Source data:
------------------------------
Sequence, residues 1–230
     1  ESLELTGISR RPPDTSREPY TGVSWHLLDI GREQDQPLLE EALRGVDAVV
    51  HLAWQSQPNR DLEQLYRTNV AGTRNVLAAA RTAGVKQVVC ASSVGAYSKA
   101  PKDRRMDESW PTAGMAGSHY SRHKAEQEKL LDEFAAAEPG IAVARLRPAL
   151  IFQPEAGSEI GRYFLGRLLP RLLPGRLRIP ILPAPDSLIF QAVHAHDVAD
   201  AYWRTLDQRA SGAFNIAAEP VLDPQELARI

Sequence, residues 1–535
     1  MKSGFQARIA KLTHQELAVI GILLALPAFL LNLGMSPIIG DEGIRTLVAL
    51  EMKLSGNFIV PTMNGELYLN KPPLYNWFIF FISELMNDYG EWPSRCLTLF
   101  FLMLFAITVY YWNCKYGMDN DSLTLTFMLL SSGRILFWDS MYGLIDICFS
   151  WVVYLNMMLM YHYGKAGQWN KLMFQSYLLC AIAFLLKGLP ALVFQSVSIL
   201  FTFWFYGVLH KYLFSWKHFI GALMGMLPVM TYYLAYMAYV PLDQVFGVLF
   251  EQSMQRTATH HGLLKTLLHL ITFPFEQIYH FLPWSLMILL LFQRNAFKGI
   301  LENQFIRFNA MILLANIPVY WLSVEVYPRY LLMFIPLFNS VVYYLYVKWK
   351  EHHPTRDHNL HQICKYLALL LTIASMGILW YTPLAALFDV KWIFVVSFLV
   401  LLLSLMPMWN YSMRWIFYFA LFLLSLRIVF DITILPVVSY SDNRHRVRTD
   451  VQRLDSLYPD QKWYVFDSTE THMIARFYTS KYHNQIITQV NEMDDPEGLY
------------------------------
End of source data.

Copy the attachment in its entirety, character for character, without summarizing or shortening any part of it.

Sequence, residues 1–230
     1  ESLELTGISR RPPDTSREPY TGVSWHLLDI GREQDQPLLE EALRGVDAVV
    51  HLAWQSQPNR DLEQLYRTNV AGTRNVLAAA RTAGVKQVVC ASSVGAYSKA
   101  PKDRRMDESW PTAGMAGSHY SRHKAEQEKL LDEFAAAEPG IAVARLRPAL
   151  IFQPEAGSEI GRYFLGRLLP RLLPGRLRIP ILPAPDSLIF QAVHAHDVAD
   201  AYWRTLDQRA SGAFNIAAEP VLDPQELARI

Sequence, residues 1–535
     1  MKSGFQARIA KLTHQELAVI GILLALPAFL LNLGMSPIIG DEGIRTLVAL
    51  EMKLSGNFIV PTMNGELYLN KPPLYNWFIF FISELMNDYG EWPSRCLTLF
   101  FLMLFAITVY YWNCKYGMDN DSLTLTFMLL SSGRILFWDS MYGLIDICFS
   151  WVVYLNMMLM YHYGKAGQWN KLMFQSYLLC AIAFLLKGLP ALVFQSVSIL
   201  FTFWFYGVLH KYLFSWKHFI GALMGMLPVM TYYLAYMAYV PLDQVFGVLF
   251  EQSMQRTATH HGLLKTLLHL ITFPFEQIYH FLPWSLMILL LFQRNAFKGI
   301  LENQFIRFNA MILLANIPVY WLSVEVYPRY LLMFIPLFNS VVYYLYVKWK
   351  EHHPTRDHNL HQICKYLALL LTIASMGILW YTPLAALFDV KWIFVVSFLV
   401  LLLSLMPMWN YSMRWIFYFA LFLLSLRIVF DITILPVVSY SDNRHRVRTD
   451  VQRLDSLYPD QKWYVFDSTE THMIARFYTS KYHNQIITQV NEMDDPEGLY